We would like to thank the following entities for having made this exhibit possible:
The exhibition "Something out of Nothing" provided a concrete illustration of the digital divide. The exhibition shows photographs by ten volunteer photographers from Africa, Asia and Europe. Photographers explored how communities integrate imported technology (computers, mobile phones, television, radio) into their own cultures. The goal was to try to capture inventive ways people are exchanging, patching together, recycling and even bartering technologies around the world.
Through their images, the various photographers take us with them on their travels and wanderings to explore exchanges between the North and the South.
The exhibition amalgamates divers perspectives of how "volunteering" relates to new information and communication technologies and makeshift craftsmanship and recycling. Telephone lines being rebuilt for free, computers being used as coffee tables, a singe portable telephone being shared by a whole village...
The multi-cultural group of photographers shares this exploration, allowing each photographer to develop his or her own view; starting from here and going there, or starting there and coming here. For example: Sheba Okwenje, an African living in Europe, went back to her home country, Uganda, to focus on mobile telephone technology powered by solar energy. Paola Cassola, an Italian living in Geneva, developed the theme of literacy and computer literacy of immigrants, thanks to classes taught by volunteers. Randy Schmieder showed that at the end of the day, the usefulness of technologies depends on by whom they are being used. Pascale Linares, French by origin, but a citizen of the world through her many experiences around the planet, explored through her photography the theme of volunteering and the new information technologies in the Cape Verde Islands. Steve Szoradi worked on the theme of recycling of computers to be sent to Africa. There is a particular focus on Mali, where two European photographers?Patrice Moullet and Viola Krebs-- and two Malian photographers Emmanuel Bacary Daou and Mamadou KonatÃ©--exchanged views linked to the contrast between technology and tradition, mutual help and solidarity.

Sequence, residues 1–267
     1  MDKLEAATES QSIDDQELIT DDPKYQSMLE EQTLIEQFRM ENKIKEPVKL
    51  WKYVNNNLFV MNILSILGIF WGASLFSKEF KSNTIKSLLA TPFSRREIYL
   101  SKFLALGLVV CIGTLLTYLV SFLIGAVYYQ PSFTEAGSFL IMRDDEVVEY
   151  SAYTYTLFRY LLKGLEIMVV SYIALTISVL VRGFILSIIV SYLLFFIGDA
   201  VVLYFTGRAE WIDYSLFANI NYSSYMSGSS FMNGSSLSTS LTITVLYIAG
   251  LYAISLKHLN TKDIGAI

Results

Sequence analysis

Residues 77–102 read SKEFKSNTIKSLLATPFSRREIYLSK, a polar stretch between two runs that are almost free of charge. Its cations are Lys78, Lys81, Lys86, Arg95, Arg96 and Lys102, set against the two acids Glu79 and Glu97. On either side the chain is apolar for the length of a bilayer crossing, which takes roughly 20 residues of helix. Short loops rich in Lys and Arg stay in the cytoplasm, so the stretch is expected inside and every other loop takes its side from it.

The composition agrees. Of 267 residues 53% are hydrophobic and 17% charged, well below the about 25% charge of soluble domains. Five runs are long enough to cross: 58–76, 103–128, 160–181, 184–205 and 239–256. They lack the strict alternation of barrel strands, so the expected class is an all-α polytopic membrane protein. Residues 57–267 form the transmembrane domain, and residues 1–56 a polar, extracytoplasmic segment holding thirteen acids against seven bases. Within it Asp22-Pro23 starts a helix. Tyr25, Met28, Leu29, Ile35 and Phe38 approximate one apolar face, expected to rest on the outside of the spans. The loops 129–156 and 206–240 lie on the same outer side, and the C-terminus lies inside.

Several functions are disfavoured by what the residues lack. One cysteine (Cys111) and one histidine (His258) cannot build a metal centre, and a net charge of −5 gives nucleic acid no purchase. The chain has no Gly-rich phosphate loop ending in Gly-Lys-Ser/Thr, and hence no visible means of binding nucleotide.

Besides Geneva, parts of the exhibition were also shown in Brussels (Belgium), Barcelona and Sevilla (Spain).